I’m not angry at you for praising our gods but for turning our people into frightened cowards. By all means, pray but do so calmly and not with so much fear and panic.

239
Chorus:
We rushed here, to the holy sanctuary of our city, trembling with terror because a little while ago we heard this loud noise!

Chorus:
It was such a frightening confusion of sounds!

Eteocles:
So, if you now hear the sounds of wounded men or men dying don’t start screeching and wailing. That’s the very stuff, the blood and groans of dying men, that Ares, the god of war feeds on!

The Sound of horses snorting

Chorus:
Listen!
Do you hear that?

Chorus:
It is the horses snorting!

Eteocles:
Your hearing is far too sharp! Don’t listen so closely!

Chorus:
The city groans from within its earthly depths.

Chorus:
It’s surrounded!

Eteocles:
That’s why I am here!
I’m the one to worry about that!

The sound of crashing gates

Chorus:
Ah!
Our gates!

Chorus:
The battering is getting louder!

250
Eteocles:
Will you shut up? Say nothing about this to anyone!

Chorus:
Oh, gods of our city!
Oh, heavens!
Do not forsake the walls of our city!

Eteocles:
Pox upon you woman!
Silence! Put up with it!

Chorus:
Oh, gods of our city!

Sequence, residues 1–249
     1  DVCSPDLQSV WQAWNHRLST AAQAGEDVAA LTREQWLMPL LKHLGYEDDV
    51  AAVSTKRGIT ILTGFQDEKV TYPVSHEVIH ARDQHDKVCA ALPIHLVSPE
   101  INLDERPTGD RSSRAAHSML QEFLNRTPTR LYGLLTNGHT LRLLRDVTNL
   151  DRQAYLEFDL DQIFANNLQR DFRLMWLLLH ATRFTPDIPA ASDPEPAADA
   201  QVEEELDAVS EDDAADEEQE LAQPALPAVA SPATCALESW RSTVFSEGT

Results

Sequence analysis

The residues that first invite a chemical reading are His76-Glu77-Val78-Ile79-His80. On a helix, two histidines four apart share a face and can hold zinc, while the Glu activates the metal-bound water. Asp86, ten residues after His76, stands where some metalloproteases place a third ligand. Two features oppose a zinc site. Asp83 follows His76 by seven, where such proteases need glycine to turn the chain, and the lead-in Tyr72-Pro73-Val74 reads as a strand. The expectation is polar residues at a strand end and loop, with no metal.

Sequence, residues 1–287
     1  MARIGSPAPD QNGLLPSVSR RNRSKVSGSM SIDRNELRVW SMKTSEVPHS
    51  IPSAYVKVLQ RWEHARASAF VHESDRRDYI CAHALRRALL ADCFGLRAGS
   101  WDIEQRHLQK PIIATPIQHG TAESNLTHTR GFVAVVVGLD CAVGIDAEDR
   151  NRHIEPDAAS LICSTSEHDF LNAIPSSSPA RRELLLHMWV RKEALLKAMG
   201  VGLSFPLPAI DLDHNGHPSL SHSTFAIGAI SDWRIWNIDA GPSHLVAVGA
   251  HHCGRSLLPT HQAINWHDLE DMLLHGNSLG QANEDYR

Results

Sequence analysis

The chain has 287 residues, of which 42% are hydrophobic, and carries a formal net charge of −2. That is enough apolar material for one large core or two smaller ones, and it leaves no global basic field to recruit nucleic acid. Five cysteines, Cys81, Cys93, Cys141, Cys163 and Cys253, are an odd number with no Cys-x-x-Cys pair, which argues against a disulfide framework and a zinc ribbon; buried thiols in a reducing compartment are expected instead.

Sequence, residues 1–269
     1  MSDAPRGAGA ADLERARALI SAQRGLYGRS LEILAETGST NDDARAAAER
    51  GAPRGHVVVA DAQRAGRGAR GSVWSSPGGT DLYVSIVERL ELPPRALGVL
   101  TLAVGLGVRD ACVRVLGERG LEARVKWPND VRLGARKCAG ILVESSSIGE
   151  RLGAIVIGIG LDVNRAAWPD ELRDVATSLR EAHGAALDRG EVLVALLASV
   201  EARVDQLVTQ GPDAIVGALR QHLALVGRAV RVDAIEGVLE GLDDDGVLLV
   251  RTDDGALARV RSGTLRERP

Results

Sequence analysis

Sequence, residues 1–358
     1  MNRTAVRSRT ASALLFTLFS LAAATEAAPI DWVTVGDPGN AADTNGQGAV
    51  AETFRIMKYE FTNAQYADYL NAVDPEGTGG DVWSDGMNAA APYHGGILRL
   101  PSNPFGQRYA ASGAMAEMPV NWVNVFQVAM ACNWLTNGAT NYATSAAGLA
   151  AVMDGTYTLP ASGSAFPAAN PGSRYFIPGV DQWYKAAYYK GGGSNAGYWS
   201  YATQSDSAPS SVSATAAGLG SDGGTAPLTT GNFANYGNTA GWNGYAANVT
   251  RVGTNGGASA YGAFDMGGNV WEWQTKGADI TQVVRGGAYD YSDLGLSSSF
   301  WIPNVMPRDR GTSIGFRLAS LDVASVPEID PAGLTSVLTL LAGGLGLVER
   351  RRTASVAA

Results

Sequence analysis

Oh, heavens!
Save me from slavery!

Eteocles:
It is you! You are the one whose throwing me and the whole city into slavery!

Chorus:
Zeus!

Chorus:
Zeus, send your thunderbolt into the ranks of the enemy!

Eteocles:
Oh, Zeus!
What a breed you have made for us in women!

Chorus: Clinging to a statue
A breed, as miserable as the men of a conquered city.

Eteocles:
Your mouth utters ill words while your hands touch upon a holy statue!

Chorus:
The courage has gone from my heart and the fear has taken my tongue.

260
Eteocles:
Let me ask a small favour from you.

Chorus:
Ask it quickly and I’ll tell you if I can grant it.

Eteocles:
Will you be silent, woman?
Miserable wretch, will you stop terrifying the men who are defending you?

Chorus:
All right. I shall be silent!
I shall suffer our Fate like the rest.

Eteocles:
Now these last words of yours are far better than all those that preceded them!
Even better, let go of those statues, move away from them and make this simple prayer: “May the gods be our allies in this war!”
Now, let me first make a vow and then, raise the loud cheer of victory. The cheer we Greeks raise when we make our sacrifices. Make it loud and hearty, to raise our men’s spirits and strip away from their hearts the fear of battle.
271
Now here, is my vow:
I swear this oath to the gods who guard our city’s fields and her market place and to the waters of Dirce, our spring and those of Ismenus, our river.